Litigation in Craft Brewing – Port Brewing Files Suit against Moylan's Brewing

A spirit of collaboration between brewers and breweries has long marked the craft brew industry.  There has been a sense of camaraderie, a feeling of kinship between these small breweries all around the nation.  However, what happens to that spirit of collaboration and kinship when one company infringes on the intellectual property rights of another?  That's what Port Brewing feels has been done by Moylan's.

What's the issue here?  While you might think it stems from theft of a top-secret recipe or industrial sabotage, the issue is a bit different – it involved tap handles.  Yes, that's right; the crux of the lawsuit filed by Port Brewing Company, LLC against Moylan's Brewing Company, LLC is about tap handle design. 

Now, you first need to understand how important tap handle design is to branding in a company, large or small.  The tap handle designs associated with a company are just as important as the labels used on the bottles or the design on the beer packaging.  Therefore, it's easy to see why there might be an issue.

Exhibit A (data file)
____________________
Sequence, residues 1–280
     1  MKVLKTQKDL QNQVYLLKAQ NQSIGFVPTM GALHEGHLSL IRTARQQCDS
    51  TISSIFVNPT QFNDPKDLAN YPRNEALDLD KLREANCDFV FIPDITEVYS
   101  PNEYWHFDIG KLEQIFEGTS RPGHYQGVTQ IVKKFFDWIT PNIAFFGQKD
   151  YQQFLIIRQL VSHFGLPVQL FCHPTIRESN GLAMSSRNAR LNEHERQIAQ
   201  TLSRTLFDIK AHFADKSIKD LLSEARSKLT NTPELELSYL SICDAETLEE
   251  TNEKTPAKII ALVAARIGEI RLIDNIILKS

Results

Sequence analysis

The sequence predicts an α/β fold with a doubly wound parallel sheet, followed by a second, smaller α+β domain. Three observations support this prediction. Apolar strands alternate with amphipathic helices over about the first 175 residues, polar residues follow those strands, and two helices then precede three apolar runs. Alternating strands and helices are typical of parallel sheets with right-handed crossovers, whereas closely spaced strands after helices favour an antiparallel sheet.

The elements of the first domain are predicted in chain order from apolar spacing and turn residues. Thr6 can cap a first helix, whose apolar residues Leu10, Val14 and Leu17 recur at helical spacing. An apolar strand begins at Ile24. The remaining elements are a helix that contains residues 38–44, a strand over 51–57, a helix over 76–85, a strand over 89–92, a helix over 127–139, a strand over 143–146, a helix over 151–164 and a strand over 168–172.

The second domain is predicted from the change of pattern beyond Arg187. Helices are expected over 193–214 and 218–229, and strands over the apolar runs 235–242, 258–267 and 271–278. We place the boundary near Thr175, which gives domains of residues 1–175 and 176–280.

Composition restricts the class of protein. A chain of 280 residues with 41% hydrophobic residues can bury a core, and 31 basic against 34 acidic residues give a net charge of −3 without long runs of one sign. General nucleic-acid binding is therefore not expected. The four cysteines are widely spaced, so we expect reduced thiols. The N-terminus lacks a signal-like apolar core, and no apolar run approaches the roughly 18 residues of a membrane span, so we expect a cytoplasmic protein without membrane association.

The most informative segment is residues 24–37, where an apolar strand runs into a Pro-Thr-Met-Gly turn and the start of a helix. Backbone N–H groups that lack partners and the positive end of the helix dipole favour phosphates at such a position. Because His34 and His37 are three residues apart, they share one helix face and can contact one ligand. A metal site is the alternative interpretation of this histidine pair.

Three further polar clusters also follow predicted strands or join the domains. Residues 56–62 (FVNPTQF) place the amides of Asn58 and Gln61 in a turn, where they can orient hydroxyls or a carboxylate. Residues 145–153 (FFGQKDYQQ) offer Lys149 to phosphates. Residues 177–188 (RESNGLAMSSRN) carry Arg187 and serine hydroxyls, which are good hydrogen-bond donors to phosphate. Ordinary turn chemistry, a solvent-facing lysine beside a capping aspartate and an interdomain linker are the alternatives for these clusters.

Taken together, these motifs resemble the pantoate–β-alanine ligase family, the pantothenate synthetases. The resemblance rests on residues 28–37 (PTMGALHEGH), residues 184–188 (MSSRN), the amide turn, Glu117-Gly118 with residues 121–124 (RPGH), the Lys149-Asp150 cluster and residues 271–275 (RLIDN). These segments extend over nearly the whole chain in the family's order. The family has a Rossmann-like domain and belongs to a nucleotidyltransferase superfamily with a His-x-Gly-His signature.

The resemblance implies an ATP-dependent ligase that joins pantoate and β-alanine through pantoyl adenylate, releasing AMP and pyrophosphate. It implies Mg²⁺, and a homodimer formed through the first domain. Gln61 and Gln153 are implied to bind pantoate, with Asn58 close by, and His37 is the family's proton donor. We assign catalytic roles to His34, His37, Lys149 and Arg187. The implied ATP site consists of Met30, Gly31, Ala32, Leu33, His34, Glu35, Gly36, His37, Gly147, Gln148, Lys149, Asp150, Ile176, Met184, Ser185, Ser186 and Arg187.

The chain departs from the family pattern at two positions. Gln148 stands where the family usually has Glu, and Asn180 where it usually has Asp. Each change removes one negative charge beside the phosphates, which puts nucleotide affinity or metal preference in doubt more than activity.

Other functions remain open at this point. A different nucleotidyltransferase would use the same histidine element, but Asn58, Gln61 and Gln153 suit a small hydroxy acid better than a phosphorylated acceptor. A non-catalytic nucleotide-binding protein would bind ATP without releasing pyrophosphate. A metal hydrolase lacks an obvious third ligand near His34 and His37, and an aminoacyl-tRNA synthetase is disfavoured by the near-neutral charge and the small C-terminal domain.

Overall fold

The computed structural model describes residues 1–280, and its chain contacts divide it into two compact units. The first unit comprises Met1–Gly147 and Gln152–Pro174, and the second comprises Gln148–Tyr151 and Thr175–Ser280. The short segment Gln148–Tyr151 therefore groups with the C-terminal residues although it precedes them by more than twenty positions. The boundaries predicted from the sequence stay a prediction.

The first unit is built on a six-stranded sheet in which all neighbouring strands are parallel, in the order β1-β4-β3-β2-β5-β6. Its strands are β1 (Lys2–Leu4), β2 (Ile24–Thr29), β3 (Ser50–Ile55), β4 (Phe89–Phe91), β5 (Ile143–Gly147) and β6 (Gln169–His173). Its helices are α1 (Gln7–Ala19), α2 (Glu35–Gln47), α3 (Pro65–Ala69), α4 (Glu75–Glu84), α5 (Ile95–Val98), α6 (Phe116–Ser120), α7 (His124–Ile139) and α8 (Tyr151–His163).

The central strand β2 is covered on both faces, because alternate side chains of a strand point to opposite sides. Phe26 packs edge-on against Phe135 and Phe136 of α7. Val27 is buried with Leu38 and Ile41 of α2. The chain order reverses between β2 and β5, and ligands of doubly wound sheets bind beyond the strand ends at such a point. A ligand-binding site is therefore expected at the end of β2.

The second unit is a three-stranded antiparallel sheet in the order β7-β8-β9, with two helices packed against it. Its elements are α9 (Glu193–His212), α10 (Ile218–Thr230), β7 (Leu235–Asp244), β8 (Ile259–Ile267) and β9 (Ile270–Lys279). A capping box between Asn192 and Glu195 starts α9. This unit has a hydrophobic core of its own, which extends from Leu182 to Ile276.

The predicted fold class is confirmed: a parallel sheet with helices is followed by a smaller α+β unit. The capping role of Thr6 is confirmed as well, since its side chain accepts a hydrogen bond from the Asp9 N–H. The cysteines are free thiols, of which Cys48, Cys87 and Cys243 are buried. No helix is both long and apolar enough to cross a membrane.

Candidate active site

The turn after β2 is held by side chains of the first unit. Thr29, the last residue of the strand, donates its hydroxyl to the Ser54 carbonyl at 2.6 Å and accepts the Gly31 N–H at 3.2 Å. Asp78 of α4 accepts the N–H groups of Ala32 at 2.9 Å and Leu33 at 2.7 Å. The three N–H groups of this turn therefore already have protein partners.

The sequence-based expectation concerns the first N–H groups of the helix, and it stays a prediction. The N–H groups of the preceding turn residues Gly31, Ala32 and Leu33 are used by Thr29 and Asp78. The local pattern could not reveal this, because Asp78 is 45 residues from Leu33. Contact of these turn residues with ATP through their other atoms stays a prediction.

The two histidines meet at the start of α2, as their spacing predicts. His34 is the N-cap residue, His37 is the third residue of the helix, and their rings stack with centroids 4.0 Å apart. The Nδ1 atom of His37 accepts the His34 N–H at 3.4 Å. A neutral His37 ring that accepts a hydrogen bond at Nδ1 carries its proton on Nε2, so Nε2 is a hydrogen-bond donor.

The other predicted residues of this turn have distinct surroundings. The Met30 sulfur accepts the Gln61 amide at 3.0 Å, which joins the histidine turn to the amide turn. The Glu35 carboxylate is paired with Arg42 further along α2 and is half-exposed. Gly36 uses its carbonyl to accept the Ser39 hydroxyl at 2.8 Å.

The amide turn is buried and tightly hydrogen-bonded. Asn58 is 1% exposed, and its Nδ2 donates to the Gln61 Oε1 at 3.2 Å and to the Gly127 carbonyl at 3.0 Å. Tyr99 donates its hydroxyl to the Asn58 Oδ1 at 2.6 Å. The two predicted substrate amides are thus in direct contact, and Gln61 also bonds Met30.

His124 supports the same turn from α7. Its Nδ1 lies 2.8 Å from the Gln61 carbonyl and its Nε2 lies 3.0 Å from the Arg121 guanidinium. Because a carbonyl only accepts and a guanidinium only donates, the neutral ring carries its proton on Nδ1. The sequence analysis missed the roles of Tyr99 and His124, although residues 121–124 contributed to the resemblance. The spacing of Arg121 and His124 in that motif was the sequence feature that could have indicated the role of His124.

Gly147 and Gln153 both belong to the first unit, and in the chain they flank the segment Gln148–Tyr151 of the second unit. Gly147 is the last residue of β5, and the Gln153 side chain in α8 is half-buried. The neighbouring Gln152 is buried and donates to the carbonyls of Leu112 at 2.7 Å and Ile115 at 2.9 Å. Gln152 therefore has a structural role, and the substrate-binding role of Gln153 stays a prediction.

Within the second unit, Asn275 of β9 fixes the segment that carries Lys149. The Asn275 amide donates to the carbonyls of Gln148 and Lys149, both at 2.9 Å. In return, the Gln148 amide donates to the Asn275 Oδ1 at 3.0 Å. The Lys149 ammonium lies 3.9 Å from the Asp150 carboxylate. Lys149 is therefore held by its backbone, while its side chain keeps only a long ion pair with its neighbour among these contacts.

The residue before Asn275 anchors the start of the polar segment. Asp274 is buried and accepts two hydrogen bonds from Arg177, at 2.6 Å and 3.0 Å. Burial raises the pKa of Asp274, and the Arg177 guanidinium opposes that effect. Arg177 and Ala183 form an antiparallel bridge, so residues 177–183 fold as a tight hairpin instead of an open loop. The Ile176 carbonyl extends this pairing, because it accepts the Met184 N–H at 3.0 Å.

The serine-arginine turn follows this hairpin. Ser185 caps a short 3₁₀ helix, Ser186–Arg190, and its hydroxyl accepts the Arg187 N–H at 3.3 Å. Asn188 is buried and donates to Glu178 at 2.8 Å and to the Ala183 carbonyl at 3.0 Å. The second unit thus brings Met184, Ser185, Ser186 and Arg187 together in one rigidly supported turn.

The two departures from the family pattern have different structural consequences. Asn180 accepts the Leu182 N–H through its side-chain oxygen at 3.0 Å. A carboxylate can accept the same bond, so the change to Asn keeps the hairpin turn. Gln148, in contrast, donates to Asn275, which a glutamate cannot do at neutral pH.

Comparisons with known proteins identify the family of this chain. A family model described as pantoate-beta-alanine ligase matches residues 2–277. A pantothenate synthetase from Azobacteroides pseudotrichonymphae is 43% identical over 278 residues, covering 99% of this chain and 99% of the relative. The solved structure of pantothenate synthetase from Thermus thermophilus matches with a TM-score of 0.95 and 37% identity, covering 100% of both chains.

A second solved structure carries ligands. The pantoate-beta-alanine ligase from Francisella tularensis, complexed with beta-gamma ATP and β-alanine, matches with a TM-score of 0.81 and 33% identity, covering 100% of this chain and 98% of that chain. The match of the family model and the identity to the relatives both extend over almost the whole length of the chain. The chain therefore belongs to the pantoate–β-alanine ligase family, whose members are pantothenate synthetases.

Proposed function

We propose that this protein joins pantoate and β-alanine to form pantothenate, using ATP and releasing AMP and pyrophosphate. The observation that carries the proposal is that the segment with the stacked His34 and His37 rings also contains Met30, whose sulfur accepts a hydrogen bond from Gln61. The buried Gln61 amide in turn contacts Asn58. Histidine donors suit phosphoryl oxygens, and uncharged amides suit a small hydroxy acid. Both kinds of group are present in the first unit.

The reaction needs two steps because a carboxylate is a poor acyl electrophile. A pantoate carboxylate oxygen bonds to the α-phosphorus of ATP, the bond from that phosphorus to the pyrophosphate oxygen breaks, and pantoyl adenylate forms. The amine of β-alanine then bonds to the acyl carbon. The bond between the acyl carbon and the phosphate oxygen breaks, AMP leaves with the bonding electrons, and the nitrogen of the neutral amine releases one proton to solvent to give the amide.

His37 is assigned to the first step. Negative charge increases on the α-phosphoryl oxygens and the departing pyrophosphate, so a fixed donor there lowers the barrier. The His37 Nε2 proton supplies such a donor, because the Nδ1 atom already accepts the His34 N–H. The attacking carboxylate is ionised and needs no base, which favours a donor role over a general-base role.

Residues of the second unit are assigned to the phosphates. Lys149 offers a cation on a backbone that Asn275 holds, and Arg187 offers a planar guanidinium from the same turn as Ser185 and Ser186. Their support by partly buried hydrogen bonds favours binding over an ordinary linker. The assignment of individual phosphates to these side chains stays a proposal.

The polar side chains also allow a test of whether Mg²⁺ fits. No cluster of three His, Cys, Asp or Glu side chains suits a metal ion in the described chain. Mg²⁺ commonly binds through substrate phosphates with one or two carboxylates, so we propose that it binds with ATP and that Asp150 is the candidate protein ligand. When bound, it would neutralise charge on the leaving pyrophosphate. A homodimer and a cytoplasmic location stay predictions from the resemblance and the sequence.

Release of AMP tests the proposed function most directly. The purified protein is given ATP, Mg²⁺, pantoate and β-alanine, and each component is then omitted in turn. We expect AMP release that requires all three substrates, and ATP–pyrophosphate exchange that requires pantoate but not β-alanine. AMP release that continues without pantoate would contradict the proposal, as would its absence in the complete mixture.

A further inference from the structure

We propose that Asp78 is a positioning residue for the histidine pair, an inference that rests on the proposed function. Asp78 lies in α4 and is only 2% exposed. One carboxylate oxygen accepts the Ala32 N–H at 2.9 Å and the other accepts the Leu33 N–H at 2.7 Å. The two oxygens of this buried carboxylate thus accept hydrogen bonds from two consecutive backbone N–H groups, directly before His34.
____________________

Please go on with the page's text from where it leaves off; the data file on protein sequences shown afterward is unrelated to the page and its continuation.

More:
Moylan's has been using a Celtic cross tap handle design for a very long time.  Their original silver cross handle is well known.  However, in 2008, both Port Brewing and Moylan's Brewing both began using a highly stylized Celtic cross handle.  Moylan's used theirs for their Celts Ale, while Port Brewing used the design for their Lost Abbey run of beers.  It appears that the designs and motifs used are similar enough to be considered trademark infringement, as well.

Port Brewing holds that they were the first to use the design, and that Moylan's did not start using the design until after Port Brewing.  Port Brewing's blog goes into great depth about how much time and effort was spent trying to settle this matter outside of court, but an impasse resulted.  With no other options to protect their intellectual property, Port Brewing turned to litigation.  Does this mean that both companies will face off in a court of law?  Maybe, but that's not certain yet.

Port Brewing seems to be keeping their stance open to a settlement that does not involve legal action from a judge, and there is still the possibility of settling the matter outside a legal venue.  However, a courtroom showdown might be a foregone conclusion if the history of this issue is any indicator.  Let's hope for a speedy resolution, so both companies can get back to concentrating on their craft beers instead of legal rights.